Anyone trying to understand how, exactly, extreme weather affects different groups disproportionately should continue to watch the aftermath of Hurricane Harvey.

At the moment, it’s undocumented residents who, flushed from their homes, now fear deportation for simply seeking assistance at a shelter against a political backdrop that seems more and more anti-immigrant. Texas is currently in the throes of debate over an anti-sanctuary city bill, SB4. Meanwhile, eyes are on D.C. for Trump’s verdict on the fate of the Obama-era DACA immigration program.

“There’s constant fear,” said Armando Walle, a Democratic Texas state rep from Houston, on a press call. “It was a storm that was equally destructive across all communities and incomes, but it disproportionately affects the Latino community and Latino undocumented community, who are fearful of seeking services or refuge.”

As the city rebuilds, other communities could feel similarly left out, as aid money starts to be distributed and authorities decide what projects to tackle first. You, a good person, want to help make rebuilding post-Harvey more equitable. That’s a little more complicated than sending a couple hundred bucks to an organization of your choice right now — which is, make no mistake, a valuable and much-appreciated contribution! But, especially when it comes to the rebuilding of already-marginalized communities, it requires some commitment in the form of light research over the coming months, as post-disaster needs evolve.

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For the commitment-averse (me too, it’s fine) here’s disaster donating 101: Cash is more effective than material goods. If you already have organizations that you trust and are doing Harvey relief work, good — keep giving to them. If you don’t: Research organizations on Charity Navigator and give to those that have high ratings (three or four stars). The site has a list of charitable institutions involved in Harvey relief — but it notes that it’s not certain at this point what portion of your donation will go specifically to help Harvey victims. Also, maybe don’t donate to the American Red Cross.

The vast majority of donations tend to peak around four days from when a disaster first hits. A full 73 percent of disaster-directed philanthropic funds go to immediate relief. And that’s a big problem, says Regine Webster, vice president of the Center for Disaster Philanthropy.

The tangled consequences of natural disasters – lack of long-term housing solutions, loss of early childhood care, and uptick in mental health needs, domestic violence, and substance abuse – tend to hit a crescendo between six and 12 months after a disaster, Webster explains.

“Long-term recovery dollars, from a philanthropic perspective, are just desperately needed,” she says. “They complement what governmental dollars can do and support in a way that yields better recovery.”

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So how to find the right destination for your commitment? Many of the entities doing necessary work toward long-term recovery are already in place. They are social services organizations that have been serving Texas communities for years and are best equipped to know how to serve them: neighborhood centers, faith-based organizations, local health clinics.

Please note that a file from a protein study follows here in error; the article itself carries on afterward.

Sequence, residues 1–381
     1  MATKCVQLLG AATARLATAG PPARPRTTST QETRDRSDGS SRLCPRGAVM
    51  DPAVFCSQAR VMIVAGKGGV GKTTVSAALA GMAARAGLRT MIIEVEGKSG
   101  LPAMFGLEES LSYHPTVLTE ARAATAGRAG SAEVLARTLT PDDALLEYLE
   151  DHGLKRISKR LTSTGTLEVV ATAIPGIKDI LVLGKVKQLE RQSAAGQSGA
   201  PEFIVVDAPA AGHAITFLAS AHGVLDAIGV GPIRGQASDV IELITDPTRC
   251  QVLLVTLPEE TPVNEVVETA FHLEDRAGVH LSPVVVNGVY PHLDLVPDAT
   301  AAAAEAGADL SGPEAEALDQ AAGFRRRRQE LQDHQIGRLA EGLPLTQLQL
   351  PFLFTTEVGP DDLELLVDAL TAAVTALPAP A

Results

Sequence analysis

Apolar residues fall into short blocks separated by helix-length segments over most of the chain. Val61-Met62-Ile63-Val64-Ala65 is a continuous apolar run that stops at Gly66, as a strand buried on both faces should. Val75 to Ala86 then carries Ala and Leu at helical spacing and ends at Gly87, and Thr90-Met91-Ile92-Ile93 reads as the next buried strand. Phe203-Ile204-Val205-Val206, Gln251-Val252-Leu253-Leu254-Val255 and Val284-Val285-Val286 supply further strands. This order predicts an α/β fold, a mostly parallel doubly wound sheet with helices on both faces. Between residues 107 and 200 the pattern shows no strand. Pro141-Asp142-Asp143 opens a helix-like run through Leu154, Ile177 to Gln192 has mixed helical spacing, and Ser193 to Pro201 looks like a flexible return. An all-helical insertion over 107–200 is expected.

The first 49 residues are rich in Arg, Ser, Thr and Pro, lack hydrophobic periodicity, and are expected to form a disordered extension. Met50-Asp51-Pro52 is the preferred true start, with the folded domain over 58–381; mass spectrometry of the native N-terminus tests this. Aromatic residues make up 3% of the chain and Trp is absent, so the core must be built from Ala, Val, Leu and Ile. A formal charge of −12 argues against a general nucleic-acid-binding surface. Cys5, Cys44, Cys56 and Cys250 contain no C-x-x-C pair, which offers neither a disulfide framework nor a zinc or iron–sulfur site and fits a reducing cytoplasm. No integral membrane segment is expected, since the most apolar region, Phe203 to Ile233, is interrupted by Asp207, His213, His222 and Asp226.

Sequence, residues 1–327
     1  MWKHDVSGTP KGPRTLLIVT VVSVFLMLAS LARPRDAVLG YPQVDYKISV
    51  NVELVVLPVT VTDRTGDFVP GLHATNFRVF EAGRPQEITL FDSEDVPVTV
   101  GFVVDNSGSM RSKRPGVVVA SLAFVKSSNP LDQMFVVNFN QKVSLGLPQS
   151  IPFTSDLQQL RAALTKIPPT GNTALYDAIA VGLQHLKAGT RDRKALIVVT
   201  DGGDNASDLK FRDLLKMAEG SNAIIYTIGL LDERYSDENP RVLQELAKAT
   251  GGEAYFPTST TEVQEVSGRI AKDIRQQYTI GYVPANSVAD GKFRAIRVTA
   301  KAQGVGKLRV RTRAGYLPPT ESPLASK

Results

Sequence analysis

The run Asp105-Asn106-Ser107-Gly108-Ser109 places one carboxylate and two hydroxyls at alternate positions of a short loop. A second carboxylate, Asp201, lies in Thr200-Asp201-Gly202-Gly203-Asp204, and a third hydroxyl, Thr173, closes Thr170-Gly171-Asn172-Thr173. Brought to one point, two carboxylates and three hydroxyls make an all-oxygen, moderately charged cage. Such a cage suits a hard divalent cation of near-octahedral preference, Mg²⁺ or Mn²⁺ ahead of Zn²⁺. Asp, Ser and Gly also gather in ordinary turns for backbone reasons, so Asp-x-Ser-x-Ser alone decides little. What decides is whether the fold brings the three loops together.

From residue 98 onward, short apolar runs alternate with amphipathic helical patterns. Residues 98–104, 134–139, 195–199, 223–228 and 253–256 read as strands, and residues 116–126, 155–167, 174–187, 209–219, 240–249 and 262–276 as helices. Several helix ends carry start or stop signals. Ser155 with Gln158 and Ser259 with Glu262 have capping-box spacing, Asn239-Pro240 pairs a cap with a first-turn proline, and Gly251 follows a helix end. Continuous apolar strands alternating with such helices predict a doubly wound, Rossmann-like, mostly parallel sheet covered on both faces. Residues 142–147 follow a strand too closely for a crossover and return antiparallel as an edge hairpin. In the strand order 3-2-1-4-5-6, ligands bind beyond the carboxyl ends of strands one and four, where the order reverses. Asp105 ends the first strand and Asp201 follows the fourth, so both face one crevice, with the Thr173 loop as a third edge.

“People on the ground that know the needs of the community are able to respond to those needs [quickly],” explains Ángela-Jo Touza-Medina, executive director of the YWCA Greater Austin and chair of the Immigrant Services Network of Austin. Texas’ capital is set to receive up to 7,000 Harvey evacuees, Touza-Medina tells me, and her organization is already setting up free crisis counseling and mental healthcare for its victims.

Webster says targeting organizations to support right now is tough, because flood victims’ needs aren’t clear yet. But they will become more evident in the coming months. (Here’s a list of locally acting Texas-based organizations to start; here’s another, compiled by the Greater Houston Community Foundation; here’s a community organization organizing a long-term relief fund.)

But how to ensure that they are serving the communities most in need — i.e., ones that needed help before Harvey and could use your support even more now?

Touza-Medina recommends looking at grassroots organizations: “just because they’re going out there trying to get the work done.” However, she adds a warning: “They often don’t have infrastructure or experience in a way to do it that’s effective. It’s kind of a catch-22.”

But as an initial screen, she recommends organizations that specifically declare that they do not exclude individuals on race, class, immigration status, gender identity or expression, or sexual orientation from their services.

Now, back to that whole “commitment” thing. The most valuable donations, according to the Center for Disaster Philanthropy’s Webster, are recurring ones since they’ll continually help a organization with its work. But for how long?

“Ten years,” Webster says, before pausing: “Five years? One? Whatever you can do.”

Recovery is not an instant fix — and shouldn’t be treated that way.

THINKING BIGGER: If you’re thinking really long-term climate adaptation, support the campaigns of state-level and local representatives that prioritize the health and safety of marginalized communities over, say, Big Oil. Seriously.

Correction: An earlier version of this story included a different estimate of the number of Hurricane Harvey evacuees that the city of Austin will receive.